FFRF not seeing windfall from Chino Valley lawsuit settlement

The Freedom From Religion Foundation is going to see a little reimbursement as part of its legal victory over the Chino Valley School Board in California.

U.S. District Court Judge Jesus Bernal ruled on Feb. 18 that the School Board’s prayers violated the Establishment Clause of the First Amendment. Of the $200,000-plus that Bernal fined the Chino Valley Unified School District Board of Education for violating the U.S. Constitution, FFRF will be receiving a bit more than $40,000 as reimbursement for all the hard work that Staff Attorneys Andrew Seidel and Rebecca Markert put in. The rest will go to attorney David Kaloyanides, who litigated the case in California for the organization, and his law clerk Roda Torres. 

Together, the team put in more than 400 billable hours on the case (about three-fourths of which were Kaloyanides and Torres) and plenty of unbillable hours. If the School Board pays up, which could depend on the appeal, FFRF will simply be recouping the cost of having Seidel and Markert work the case, not reaping a windfall. The Chino Valley School Board has taken the legally and constitutionally unwise step of appealing the decision, so it’ll likely be a while before FFRF sees any of the reimbursement.

In short, there isn’t any bonanza in store for the state/church watchdog organization, not now or down the road. As always, FFRF is reliant on the generosity of its members and donors for its sustenance and legal activism.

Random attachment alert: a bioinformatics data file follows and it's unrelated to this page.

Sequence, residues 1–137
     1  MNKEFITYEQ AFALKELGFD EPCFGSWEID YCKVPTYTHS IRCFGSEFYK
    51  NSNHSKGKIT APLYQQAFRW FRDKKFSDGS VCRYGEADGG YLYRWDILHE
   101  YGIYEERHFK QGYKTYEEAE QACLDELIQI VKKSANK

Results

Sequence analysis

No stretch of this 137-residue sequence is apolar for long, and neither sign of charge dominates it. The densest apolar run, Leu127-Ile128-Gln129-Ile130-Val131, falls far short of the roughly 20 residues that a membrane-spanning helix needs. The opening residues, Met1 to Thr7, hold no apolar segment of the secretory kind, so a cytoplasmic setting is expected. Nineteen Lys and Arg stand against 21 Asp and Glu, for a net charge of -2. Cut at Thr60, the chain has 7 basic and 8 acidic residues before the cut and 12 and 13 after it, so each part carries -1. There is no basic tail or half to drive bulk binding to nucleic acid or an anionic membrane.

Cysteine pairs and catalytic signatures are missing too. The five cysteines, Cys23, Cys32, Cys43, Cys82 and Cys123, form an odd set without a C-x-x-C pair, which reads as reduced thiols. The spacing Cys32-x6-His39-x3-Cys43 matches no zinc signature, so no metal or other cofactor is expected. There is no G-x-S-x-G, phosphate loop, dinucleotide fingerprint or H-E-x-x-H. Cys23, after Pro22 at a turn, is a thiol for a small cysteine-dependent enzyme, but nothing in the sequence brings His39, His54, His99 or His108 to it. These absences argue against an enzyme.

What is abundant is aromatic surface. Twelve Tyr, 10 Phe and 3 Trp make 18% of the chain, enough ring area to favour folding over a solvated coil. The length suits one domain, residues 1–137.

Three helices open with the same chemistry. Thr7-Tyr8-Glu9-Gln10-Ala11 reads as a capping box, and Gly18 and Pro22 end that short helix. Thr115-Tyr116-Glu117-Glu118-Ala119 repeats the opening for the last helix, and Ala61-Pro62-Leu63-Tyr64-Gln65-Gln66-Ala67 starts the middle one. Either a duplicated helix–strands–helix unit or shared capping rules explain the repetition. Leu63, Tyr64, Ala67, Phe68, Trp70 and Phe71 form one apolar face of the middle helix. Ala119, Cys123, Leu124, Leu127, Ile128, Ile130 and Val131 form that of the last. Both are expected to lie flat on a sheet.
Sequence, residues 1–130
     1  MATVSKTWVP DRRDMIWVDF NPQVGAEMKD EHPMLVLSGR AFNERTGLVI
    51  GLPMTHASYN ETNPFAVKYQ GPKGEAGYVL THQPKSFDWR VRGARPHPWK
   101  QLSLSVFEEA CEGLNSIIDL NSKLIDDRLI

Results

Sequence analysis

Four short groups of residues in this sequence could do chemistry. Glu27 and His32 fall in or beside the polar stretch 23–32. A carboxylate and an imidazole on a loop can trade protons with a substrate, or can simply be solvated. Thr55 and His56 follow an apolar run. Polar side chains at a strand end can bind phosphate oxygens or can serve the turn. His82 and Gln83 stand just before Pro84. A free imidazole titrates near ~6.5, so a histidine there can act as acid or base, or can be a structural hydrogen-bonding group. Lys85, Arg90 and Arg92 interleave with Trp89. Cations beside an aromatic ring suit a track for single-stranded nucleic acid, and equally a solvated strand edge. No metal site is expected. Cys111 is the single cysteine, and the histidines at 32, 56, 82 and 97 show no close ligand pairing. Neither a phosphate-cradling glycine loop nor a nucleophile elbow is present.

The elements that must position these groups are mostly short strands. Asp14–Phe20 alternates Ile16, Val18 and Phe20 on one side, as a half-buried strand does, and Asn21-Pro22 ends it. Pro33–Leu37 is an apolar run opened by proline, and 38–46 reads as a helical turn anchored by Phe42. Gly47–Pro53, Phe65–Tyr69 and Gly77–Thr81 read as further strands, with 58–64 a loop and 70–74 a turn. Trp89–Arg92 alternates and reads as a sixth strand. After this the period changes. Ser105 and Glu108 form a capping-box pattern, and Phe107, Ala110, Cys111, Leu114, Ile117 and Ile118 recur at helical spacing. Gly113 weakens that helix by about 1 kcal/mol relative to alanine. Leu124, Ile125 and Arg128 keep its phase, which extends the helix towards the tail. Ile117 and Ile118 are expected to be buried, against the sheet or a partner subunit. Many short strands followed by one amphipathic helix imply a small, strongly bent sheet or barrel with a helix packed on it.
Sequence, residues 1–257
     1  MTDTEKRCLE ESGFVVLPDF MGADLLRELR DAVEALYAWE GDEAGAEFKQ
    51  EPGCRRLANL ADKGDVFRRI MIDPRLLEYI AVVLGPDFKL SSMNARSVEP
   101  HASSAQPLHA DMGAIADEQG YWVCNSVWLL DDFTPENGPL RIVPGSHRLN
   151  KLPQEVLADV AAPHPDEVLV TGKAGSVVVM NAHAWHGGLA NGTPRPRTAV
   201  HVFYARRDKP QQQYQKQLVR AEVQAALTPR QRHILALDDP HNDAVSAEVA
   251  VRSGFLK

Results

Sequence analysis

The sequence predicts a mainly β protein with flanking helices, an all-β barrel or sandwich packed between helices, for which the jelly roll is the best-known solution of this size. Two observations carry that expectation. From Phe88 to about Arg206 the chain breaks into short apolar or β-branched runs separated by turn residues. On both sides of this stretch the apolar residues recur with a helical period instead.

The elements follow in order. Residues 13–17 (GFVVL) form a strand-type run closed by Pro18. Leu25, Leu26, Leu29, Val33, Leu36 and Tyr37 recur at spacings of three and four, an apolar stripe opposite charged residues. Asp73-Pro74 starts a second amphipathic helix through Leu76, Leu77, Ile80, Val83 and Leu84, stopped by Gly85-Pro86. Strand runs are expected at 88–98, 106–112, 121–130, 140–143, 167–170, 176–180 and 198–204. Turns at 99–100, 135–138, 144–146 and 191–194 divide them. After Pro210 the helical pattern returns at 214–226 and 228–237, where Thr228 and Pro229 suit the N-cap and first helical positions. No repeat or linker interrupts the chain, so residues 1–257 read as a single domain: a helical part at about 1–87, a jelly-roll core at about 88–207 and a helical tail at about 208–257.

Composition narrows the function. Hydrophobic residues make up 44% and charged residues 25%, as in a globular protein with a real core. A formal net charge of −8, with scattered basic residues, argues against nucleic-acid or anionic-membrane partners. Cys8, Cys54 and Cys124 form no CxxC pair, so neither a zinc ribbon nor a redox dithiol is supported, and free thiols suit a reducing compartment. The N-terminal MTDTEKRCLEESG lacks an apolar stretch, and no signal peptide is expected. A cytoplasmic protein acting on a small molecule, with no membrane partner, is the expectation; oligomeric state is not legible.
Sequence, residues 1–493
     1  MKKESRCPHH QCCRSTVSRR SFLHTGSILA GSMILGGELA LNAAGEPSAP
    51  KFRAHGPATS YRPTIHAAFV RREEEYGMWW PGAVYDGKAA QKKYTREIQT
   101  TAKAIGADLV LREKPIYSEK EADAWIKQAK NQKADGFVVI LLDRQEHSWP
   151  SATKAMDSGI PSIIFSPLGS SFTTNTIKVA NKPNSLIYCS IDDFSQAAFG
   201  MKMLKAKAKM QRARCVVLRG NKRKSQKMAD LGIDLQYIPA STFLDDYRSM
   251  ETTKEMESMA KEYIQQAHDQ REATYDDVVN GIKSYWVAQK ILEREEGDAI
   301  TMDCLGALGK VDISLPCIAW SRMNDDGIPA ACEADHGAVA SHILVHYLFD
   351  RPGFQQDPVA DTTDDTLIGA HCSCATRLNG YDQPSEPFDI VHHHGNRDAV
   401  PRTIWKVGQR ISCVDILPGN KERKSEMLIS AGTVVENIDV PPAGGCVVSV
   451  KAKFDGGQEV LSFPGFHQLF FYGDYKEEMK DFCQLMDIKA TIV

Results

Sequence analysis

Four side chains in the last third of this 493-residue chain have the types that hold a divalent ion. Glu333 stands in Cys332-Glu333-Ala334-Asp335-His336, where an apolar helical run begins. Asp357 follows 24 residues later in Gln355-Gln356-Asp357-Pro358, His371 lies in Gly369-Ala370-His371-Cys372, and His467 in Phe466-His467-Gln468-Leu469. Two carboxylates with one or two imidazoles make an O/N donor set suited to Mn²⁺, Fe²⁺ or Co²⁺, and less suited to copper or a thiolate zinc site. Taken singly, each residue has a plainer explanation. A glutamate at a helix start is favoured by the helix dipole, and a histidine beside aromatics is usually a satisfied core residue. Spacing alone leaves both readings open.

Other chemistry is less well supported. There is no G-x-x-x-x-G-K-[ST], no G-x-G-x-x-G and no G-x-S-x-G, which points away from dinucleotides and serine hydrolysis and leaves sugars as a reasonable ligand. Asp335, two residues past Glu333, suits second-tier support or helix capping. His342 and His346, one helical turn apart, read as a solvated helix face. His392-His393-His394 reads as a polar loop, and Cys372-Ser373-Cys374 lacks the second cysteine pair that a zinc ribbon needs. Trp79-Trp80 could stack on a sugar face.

This does not take away how major the victory over the Chino Valley School Board is—for all of us, not just for the Freedom From Religion Foundation. The School Board’s overtly religious meetings were way over the line constitutionally and otherwise.

“We are celebrating our win not because of the monetary aspect, but as one for the Constitution,” says FFRF Co-President Annie Laurie Gaylor. “We have 22 individual plaintiffs who came to FFRF seeking help to curb religious entanglement permeating the school district and school board meetings. We expect to prevail in appeals court as well.”

And that’s something all of us can rejoice in.

Plus, the fees are an important deterrent against other governmental bodies behaving similarly.

“Sadly, these fees are important,” Seidel explains. “Not because they generate income for FFRF, but because they deter other school districts from violating the law and strengthen FFRF’s ability to resolve future cases without litigation, which is always our goal.”

The Freedom From Religion Foundation is a nontheistic organization that has 23,700 nonreligious members all over the country helping it to do its good work.

Freedom From Religion Foundation

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